GROW YOUR OWN

Sharjah 2020 | INDUSTRY | FOCUS: FOOD INDUSTRY

Sharjah is developing innovative methods to produce and import food to serve its growing population for decades to come.

One can find just about everything in the UAE. From the latest business ventures to technological innovations and niche tourist attractions, international investors and travelers have come to recognize the UAE as a place where almost anything is possible. Now the nation, and Emirates like Sharjah, are finding new ways to mitigate the arid climate to expand the local food industry through innovative farming techniques and import partnerships that will help feed the growing population for decades to come.

Climate change and falling groundwater levels are increasingly grabbing international headlines, and environmental issues are particularly pronounced in hot, desert regions such as Sharjah. For this reason, the UAE Minister of State for Food Security Mariam Al Mheiri has been encouraging initiatives to expand local agriculture production while promoting joint-development projects with global trading partners to ensure long-term food sustainability.

Noting the UAE's population has grown exponentially, from just 300,000 in 1971 to 9.5 million in 2019, Al Mheiri is promoting a technology-based National Food Security Strategy, in which the Emirates will increasingly collaborate to produce regional solutions by incorporating more vertical farming and hydroponic technologies into the food industry.
Vertical farming involves the production of vegetables indoors,within a controlled environment where various food products are grown in vertically stacked arrangements, using minimal soil, light, and chemicals. The practice is not only highly efficient, but is also particularly well suited for arid climates, as it reduces water evaporation and produces high harvest volumes without draining groundwater supplies. Applications of vertical farming are becoming increasingly popular in the UAE, where the first facility opened in 2017 in Al Quoz, boasting 8,500sqft of farmable area to produce a variety of greens, which are commonly used in local cuisine and throughout the restaurant industry.

Hydroponic farms are also expanding due to the fact they use 90% less water than traditional farming methods, vastly improving cost and resource efficiency in local food production sector. Dr Thani bin Ahmed Al Zeyoudi, the Minister of Climate Change and Environment, promoted the UAE's new push for hydroponic farming as a means of achieving more sustainable food production at the World Government Summit in Dubai in February 2019. “We at the ministry have developed a policy for food biodiversity where we encourage a change in the behavior of our local farmers—toward more resilient agricultural practices—to produce the right crops," Al Zeyoudi said.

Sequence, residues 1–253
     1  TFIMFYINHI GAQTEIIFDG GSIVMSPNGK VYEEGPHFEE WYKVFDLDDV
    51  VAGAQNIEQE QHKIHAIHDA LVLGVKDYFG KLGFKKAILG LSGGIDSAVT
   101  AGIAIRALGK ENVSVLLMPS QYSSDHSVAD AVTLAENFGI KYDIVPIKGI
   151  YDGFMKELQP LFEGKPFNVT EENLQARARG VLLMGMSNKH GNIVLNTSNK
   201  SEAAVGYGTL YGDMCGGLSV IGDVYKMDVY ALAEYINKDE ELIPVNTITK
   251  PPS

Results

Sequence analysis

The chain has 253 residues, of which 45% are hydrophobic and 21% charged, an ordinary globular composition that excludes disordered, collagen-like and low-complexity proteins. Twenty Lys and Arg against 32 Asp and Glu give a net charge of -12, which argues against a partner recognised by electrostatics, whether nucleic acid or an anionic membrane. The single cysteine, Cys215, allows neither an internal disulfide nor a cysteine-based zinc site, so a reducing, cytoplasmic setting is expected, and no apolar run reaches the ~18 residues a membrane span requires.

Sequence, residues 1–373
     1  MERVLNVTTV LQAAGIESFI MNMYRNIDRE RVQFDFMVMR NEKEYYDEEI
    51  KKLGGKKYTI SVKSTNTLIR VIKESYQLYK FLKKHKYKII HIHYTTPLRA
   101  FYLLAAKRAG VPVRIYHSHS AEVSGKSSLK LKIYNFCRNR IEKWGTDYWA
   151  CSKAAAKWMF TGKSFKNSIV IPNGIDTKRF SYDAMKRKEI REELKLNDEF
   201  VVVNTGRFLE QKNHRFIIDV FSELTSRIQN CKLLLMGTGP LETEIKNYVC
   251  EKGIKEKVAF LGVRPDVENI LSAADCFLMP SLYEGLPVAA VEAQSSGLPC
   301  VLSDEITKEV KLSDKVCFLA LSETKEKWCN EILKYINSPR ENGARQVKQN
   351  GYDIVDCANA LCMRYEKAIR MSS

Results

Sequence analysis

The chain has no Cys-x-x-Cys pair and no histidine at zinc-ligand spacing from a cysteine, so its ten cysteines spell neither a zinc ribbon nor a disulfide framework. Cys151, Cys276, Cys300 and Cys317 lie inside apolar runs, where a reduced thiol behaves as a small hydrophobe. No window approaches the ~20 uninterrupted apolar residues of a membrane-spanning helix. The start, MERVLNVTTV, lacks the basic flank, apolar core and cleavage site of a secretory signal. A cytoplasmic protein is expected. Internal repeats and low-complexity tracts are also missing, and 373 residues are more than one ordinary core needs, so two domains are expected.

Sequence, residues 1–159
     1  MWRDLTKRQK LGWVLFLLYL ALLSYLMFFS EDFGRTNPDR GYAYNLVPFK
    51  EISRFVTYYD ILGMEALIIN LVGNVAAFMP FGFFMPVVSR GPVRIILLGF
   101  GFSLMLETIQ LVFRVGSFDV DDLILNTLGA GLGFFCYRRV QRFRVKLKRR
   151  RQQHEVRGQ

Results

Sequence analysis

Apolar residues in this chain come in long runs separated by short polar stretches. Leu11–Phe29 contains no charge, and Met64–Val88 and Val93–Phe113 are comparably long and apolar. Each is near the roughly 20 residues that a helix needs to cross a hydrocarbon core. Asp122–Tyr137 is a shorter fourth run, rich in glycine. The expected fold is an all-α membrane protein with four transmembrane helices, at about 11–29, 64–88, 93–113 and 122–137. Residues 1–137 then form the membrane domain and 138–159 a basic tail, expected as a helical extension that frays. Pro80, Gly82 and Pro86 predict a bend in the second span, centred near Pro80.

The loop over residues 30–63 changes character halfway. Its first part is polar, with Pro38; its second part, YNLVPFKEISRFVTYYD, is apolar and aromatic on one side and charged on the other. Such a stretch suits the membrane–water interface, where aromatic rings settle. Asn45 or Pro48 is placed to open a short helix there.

The combination of such technologies makes the most of the UAE's limited arable land, while also reducing the carbon footprint of the agriculture sector. Controlled indoor production environments also allow for the installation of smart meters and artificial intelligence applications to be utilized in distributing fertilizers and monitoring humidity levels.
To improve traditional farming methods, smart sensors are now being attached to gyroscopes, accelerators, and GPS monitors to regulate irrigation. In Sharjah, at least one organic farm is already using such sensors to measure the salinity and mineral content of farm soil to ensure optimum crop yields while reducing groundwater consumption. Scientists are also introducing new crops to the UAE climate, such as quinoa, bathua, amaranth, pearl millet, and sorghum, and genetically modifying them to grow using saltwater straight from the sea.

At the same time, UAE business leaders are investing USD5 billion in an India-UAE food corridor project over the next three years, to not only ensure food security for consumers in the Emirates, but also expand a key export market for Indian farmers.
“India's fertile land grows enough food to feed 1.2 billion people. However, 30% of the food is wasted. The UAE could bring in the required investments for mega food processing parks, huge cold storage facilities, warehousing, logistics, transport facilities, so that UAE entities can buy food when the crop comes into the market, benefitting both the UAE market and Indian farmers," said Abdulla Ahmed Al Saleh, Undersecretary for Foreign Trade and Industry at the UAE Ministry of Economy.
By bolstering crop yields and maximizing efficiency in local food production, while also securing trade deals with partners in India's large agriculture sector, state and business leaders in Sharjah are creating new business opportunities to ensure long-term food security for local consumers.